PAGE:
Why Do Jews Give Gifts on Hanukkah?

The custom of parents giving their children coins on Hanukkah—known as Hanukkah gelt—is well-known today, but goes almost unmentioned in pre-20th-century sources. It seems that the practice evolved from an older custom of giving holiday charity, especially to rabbis and cantors. An even newer custom, writes David Golinkin, is giving presents instead of money:

[I]t was the Yiddish press that encouraged Jewish immigrants to buy Hanukkah “presents,” and the English word was quickly absorbed into Yiddish. By 1906, the [socialist Yiddish daily] Forverts advertised Hanukkah “presents” for sale and the religiously conservative Yiddishe Tageblatt urged Jewish parents to give gifts to their youngsters to increase their enthusiasm for the holiday. The Tageblatt‘s most faithful advertiser explained that Christmas and Hanukkah gifts go hand in hand. On the other hand, Forverts editor Abraham Cahan warned Jewish immigrants against buying too many gifts on the installment plan and the Tageblatt warned its readers “we do not want death from pleasure!” . . .

By the 1920s, the Yiddish press advertised Hanukkah “presents” including cars, waffle irons, Colgate products, ginger ale, Aunt Jemima pancake flour for latkes, and even stock shares!

Read more at Schechter Institute

More about: Abraham Cahan, American Jewry, Hanukkah, Jewish holidays, Minhag

The IDF’s First Investigation of Its Conduct on October 7 Is Out

For several months, the Israel Defense Forces has been investigating its own actions on and preparedness for October 7, with an eye to understanding its failures. The first of what are expected to be many reports stemming from this investigation was released yesterday, and it showed a series of colossal strategic and tactical errors surrounding the battle at Kibbutz Be’eri, writes Emanuel Fabian. The probe, he reports, was led by Maj. Gen. (res.) Mickey Edelstein.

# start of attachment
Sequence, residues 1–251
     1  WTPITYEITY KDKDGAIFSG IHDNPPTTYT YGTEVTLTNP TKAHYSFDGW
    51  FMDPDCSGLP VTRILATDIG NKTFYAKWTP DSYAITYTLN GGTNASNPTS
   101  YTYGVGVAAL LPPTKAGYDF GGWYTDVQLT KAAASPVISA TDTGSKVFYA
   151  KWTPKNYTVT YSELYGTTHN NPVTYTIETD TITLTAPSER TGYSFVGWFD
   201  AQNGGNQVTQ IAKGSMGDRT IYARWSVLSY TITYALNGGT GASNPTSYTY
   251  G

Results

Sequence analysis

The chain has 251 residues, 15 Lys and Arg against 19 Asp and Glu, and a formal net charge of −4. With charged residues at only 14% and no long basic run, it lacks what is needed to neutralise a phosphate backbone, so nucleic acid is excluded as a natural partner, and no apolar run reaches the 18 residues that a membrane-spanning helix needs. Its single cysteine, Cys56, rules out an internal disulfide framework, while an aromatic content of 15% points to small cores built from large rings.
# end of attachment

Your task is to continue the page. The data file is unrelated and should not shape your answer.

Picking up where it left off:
Edelstein and his team—none of whom had any involvement in the events themselves, according to the IDF—spent hundreds of hours investigating the onslaught and battle at Be’eri, reviewing every possible source of information, from residents’ WhatsApp messages to both Israeli and Hamas radio communications, as well as surveillance videos, aerial footage, interviews of survivors and those who fought, plus visits to the scene.

There will be a series of further reports issued this summer.

IDF chief Halevi in a statement issued alongside the probe said that while this was just the first investigation into the onslaught, which does not reflect the entire picture of October 7, it “clearly illustrates the magnitude of the failure and the dimensions of the disaster that befell the residents of the south who protected their families with their bodies for many hours, and the IDF was not there to protect them.” . . .

The IDF hopes to present all battle investigations by the end of August.

The IDF’s probes are strictly limited to its own conduct. For a broader look at what went wrong, Israel will have to wait for a formal state commission of inquiry to be appointed—which happens to be the subject of this month’s featured essay in Mosaic.

Read more at Times of Israel

More about: Gaza War 2023, IDF, Israel & Zionism, October 7